The Cost of Not Taking a Sick Day

From The Atlantic:

Your nose is running, your throat is scratchy, and your eyes are burning. But you drag yourself out of bed, dress, and head to the office anyway feeling virtuous and sick. Once there, you proceed to share your virus with your coworkers. But at least you showed up to get the job done, right?

Wrong, according to a new study. Presenteeism — attending work while ill — is not always a smart choice for individuals or the organizations for which they work. It is entirely possible that a worker who is ill may be present physically, but mentally he or she might as well be home in bed.

A flu or cold virus or other illness spreading among coworkers can mean the loss of more than one employee’s productivity. It can paralyze entire departments. The study found that certain organizational cultures tend to promote presenteeism, or at least discourage absenteeism.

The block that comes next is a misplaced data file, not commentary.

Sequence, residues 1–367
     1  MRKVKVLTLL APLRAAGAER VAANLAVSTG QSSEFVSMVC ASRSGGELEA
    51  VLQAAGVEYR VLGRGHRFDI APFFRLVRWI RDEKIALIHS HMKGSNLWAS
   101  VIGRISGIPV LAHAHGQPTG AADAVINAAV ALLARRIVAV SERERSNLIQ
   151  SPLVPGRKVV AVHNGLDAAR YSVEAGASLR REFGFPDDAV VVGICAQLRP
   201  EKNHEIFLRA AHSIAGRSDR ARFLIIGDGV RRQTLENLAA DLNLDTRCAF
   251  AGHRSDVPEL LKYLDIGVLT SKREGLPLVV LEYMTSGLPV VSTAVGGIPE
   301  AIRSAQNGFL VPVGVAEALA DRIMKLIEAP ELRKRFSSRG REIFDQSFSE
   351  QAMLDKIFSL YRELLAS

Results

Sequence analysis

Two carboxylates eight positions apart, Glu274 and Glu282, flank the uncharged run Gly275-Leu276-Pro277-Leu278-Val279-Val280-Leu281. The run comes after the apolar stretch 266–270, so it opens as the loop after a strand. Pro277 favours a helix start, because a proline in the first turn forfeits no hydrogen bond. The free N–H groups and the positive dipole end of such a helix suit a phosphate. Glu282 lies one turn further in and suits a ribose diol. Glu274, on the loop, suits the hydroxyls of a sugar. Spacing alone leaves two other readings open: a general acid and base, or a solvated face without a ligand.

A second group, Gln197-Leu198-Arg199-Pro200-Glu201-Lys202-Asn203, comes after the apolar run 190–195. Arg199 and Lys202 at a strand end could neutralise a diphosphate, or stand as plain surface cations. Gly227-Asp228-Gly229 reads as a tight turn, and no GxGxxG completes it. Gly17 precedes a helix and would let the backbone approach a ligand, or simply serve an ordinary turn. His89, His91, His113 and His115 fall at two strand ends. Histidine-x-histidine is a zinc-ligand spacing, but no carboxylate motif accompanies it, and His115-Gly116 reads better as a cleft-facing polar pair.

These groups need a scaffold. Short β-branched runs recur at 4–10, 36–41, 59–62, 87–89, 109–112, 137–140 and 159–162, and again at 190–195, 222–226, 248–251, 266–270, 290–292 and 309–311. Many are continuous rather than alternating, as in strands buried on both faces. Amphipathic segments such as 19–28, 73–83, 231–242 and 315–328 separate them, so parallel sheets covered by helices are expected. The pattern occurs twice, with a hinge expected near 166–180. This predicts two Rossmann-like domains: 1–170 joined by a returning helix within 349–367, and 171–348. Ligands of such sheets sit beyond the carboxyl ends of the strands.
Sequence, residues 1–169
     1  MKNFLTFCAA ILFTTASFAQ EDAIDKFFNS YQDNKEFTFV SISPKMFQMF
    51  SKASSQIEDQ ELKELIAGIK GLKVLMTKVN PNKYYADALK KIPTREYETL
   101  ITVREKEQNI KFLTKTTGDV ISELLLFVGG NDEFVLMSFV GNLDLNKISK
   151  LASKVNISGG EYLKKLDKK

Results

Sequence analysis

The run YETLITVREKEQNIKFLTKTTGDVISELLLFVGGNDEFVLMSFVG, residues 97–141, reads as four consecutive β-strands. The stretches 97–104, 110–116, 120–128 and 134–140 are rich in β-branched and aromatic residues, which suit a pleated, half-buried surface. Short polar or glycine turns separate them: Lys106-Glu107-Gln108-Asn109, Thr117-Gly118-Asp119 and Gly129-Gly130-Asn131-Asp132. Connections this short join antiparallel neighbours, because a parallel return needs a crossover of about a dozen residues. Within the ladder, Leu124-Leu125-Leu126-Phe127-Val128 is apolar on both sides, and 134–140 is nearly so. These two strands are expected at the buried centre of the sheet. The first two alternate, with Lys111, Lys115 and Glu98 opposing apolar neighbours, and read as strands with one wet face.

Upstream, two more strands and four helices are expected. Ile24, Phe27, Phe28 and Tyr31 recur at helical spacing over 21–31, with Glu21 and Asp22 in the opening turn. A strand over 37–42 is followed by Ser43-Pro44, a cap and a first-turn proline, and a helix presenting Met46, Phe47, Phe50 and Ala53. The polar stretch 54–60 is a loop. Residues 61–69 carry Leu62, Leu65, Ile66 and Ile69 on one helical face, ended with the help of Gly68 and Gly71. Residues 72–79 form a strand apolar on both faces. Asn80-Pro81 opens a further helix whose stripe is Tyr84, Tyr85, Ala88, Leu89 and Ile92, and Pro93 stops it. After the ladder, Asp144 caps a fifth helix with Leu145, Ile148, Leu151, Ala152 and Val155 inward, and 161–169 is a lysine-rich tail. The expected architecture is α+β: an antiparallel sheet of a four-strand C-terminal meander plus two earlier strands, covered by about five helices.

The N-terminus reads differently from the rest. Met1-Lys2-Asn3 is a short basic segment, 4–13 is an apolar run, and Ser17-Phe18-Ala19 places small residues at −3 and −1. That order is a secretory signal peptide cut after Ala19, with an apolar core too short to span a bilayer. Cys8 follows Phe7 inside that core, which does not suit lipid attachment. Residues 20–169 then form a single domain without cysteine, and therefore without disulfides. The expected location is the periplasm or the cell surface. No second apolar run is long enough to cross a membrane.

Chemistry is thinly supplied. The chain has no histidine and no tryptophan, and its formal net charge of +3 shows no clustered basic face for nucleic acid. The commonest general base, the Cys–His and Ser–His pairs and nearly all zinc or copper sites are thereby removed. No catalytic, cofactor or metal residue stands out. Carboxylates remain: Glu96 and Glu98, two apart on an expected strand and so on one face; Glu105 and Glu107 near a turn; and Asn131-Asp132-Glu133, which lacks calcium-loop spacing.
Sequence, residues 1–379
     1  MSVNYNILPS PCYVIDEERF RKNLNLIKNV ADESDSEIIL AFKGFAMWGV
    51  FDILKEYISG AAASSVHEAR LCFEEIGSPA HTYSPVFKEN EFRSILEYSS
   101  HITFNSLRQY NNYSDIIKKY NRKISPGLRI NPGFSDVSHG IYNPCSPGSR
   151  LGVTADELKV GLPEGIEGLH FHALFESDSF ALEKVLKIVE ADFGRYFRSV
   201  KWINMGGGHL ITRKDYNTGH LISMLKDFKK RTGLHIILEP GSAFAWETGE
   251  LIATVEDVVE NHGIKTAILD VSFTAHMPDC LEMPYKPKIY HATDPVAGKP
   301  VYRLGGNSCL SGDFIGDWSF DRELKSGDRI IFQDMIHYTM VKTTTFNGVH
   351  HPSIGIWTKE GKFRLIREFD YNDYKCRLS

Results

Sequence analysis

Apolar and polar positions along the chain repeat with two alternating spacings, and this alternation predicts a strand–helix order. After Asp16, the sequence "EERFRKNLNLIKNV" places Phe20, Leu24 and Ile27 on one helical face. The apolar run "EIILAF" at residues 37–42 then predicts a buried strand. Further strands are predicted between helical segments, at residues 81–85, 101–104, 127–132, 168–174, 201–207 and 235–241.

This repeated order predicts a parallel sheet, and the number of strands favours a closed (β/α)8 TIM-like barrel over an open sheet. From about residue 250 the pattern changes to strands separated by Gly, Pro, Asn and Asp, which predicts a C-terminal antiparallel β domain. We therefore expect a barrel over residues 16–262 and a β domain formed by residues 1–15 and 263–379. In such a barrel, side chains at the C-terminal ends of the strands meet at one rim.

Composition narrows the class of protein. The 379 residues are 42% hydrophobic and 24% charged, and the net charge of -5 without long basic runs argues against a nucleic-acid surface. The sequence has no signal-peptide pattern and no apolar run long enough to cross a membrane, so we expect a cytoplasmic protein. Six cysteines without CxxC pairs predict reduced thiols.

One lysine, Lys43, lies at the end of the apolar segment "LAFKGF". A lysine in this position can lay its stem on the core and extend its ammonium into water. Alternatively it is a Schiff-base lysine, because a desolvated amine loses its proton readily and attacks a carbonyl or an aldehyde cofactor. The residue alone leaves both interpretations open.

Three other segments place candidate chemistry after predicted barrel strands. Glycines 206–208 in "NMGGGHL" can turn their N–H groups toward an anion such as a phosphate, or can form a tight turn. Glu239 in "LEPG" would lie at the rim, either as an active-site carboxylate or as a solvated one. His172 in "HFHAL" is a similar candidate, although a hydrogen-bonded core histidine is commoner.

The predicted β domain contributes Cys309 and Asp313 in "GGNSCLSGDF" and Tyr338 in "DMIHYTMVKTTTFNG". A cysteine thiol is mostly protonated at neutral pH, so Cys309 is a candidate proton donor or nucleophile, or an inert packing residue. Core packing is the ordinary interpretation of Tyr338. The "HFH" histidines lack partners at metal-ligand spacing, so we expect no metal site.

For the study, Gary Johns, a management professor at Concordia’s John Molson School of Business surveyed 444 people, asking about their job requirements, work experience, the numbers of days they had been out sick (absenteeism), and the number of days they had come to work feeling ill (presenteeism).

Read more from The Atlantic: The Cost of Not Taking a Sick Day »

This entry was posted in In The News, Paid Sick Days and tagged , on by .

About waworkfam

The Washington Work and Family Coalition includes representatives of seniors, women, labor, health professionals, children’s advocates, faith communities, low income workers, employers, non-profits and other organizations. We’re working together to make it easier for parents to raise healthy children and care for aging parents; for workers to care for themselves or their partners in the event of a serious illness; and for businesses to offer modern workplace standards that improve productivity and worker health.

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